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Thailand's new central bank digital currency, due to begin a retail trial next year, could eventually bear interest, a spokesperson for the Bank of Thailand told MNI.
While the central bank is aware of the danger that an interest-bearing CBDC could suck deposits out of the financial system, it has not ruled out such a move in the future, the spokesperson said.
"Many studies indicate the CBDC could be used as a more direct tool for transmitting a policy rate or imposing a negative rate on the general public," the spokesperson said. "If it deems it appropriate, the central bank could later adjust the parameters and impose the interest rate on the CBDC."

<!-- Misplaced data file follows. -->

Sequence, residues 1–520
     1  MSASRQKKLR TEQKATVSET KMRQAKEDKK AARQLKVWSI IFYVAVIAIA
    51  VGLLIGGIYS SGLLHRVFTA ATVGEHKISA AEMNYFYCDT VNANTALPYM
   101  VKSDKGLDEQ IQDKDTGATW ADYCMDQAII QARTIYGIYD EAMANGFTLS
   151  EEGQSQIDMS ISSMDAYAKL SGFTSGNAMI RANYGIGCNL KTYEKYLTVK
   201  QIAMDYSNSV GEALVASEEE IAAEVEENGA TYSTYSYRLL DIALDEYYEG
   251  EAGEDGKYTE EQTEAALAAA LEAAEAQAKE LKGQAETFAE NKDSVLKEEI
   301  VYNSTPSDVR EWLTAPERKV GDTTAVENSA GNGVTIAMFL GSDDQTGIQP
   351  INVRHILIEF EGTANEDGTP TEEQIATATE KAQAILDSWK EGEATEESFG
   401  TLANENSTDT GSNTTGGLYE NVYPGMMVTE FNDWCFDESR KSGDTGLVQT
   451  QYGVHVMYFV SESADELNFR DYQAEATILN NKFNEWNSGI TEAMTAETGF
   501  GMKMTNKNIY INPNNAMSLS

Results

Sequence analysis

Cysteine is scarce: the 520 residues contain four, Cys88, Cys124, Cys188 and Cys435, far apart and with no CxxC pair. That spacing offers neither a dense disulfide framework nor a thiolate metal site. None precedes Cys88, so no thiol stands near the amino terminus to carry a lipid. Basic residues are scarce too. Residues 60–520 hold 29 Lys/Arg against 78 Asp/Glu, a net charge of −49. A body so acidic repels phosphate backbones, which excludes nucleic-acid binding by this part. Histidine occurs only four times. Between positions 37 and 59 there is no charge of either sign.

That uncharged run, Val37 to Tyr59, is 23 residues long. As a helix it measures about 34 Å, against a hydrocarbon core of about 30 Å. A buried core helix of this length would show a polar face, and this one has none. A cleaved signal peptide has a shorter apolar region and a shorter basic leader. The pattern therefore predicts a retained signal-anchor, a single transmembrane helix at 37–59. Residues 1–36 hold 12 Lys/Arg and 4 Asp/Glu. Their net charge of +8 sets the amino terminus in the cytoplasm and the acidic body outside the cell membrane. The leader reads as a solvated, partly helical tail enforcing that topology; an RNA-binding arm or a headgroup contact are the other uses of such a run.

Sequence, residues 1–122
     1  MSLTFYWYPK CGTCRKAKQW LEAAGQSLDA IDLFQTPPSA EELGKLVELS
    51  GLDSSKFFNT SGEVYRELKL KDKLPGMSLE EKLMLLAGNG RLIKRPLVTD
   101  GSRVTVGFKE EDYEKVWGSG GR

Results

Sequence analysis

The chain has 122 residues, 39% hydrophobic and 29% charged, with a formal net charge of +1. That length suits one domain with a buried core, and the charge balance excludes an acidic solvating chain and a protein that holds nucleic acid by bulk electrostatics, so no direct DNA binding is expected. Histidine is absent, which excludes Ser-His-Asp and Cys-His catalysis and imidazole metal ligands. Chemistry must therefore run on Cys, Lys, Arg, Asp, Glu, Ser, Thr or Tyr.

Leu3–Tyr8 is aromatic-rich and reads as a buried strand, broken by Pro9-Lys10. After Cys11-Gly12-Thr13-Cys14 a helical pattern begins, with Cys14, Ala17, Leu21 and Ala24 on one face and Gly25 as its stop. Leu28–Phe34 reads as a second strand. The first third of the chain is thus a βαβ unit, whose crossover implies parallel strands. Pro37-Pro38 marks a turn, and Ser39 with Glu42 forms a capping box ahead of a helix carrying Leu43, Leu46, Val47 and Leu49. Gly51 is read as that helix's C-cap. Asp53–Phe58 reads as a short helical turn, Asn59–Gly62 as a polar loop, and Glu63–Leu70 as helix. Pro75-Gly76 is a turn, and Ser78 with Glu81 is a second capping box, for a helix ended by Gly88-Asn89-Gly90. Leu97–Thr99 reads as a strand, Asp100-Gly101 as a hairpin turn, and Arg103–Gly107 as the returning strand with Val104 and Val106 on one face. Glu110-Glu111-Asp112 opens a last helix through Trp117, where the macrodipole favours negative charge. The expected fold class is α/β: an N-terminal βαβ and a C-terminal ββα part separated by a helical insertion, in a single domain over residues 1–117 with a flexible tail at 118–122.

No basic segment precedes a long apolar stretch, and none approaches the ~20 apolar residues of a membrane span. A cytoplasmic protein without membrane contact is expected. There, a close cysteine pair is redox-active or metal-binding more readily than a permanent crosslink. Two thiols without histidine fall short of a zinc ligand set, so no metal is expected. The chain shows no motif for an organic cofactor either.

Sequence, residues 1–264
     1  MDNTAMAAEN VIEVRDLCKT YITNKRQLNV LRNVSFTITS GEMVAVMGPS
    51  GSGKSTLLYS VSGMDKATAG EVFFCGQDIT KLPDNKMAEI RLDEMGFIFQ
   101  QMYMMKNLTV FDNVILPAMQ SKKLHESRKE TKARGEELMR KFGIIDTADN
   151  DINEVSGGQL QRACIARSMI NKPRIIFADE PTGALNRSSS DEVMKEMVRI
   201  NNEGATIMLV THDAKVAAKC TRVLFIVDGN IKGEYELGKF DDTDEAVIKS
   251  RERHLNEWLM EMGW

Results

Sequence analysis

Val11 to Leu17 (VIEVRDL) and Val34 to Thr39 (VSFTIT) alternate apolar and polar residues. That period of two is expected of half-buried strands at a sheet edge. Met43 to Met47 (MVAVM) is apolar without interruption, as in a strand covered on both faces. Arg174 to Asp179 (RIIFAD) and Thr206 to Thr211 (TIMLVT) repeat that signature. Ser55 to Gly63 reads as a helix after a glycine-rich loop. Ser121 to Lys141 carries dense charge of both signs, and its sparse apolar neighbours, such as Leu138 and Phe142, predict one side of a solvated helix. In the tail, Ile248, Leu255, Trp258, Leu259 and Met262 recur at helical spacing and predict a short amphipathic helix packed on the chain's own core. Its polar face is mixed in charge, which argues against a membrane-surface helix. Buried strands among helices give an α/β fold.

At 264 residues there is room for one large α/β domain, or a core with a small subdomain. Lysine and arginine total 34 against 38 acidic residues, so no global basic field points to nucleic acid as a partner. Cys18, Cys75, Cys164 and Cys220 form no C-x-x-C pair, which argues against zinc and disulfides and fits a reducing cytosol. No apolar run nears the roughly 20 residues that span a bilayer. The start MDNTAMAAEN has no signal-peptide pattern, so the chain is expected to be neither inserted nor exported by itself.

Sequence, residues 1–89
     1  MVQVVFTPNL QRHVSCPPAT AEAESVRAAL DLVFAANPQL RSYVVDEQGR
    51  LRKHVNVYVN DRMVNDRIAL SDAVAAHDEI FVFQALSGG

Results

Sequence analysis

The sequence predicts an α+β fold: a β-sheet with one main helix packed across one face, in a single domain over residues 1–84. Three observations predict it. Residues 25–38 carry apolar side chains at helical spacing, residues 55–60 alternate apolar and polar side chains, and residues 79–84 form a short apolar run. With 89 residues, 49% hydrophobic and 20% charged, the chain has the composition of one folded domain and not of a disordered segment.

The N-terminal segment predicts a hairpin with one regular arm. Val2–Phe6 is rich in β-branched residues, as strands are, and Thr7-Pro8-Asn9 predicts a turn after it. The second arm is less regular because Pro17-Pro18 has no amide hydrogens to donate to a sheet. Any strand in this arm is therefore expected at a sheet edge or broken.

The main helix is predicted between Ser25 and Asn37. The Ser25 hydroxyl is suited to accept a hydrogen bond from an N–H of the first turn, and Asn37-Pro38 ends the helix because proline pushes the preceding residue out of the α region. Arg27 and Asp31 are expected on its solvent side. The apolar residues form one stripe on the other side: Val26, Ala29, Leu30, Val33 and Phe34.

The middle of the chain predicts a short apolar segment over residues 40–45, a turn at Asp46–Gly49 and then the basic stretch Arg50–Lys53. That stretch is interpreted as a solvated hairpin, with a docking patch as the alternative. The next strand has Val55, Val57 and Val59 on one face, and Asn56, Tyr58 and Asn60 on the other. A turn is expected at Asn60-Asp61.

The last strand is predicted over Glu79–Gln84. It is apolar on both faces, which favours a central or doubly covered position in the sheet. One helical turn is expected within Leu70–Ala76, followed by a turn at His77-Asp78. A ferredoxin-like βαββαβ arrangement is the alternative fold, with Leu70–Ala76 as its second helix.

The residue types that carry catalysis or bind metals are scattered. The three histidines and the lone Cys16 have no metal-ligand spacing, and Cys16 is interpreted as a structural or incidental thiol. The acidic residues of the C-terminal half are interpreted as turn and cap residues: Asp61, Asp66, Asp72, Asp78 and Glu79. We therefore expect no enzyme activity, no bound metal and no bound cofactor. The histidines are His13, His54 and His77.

A "two-tier model" for CBDC distribution could preserve the intermediary role of banks, the spokesperson said.
"Under the two-tier model, the central bank would rely on the designated service providers to distribute the CBDC to the people," the spokesperson said. "Financial applications will be developed on top of it."
The Bank of Thailand has also joined with China, Hong Kong and the United Arab Emirates in a cross-border digital payments scheme. But, while China wants to use its digital currency to promote international use of the yuan, the Thais see their participation as a way of leverage its own early leadership in the digital currency stakes in comparison with relative laggards such as India to the advantage of its financial system and to bolster trade.
The BOT has also joined its PromptPay digital payments system with Singapore's PayNow.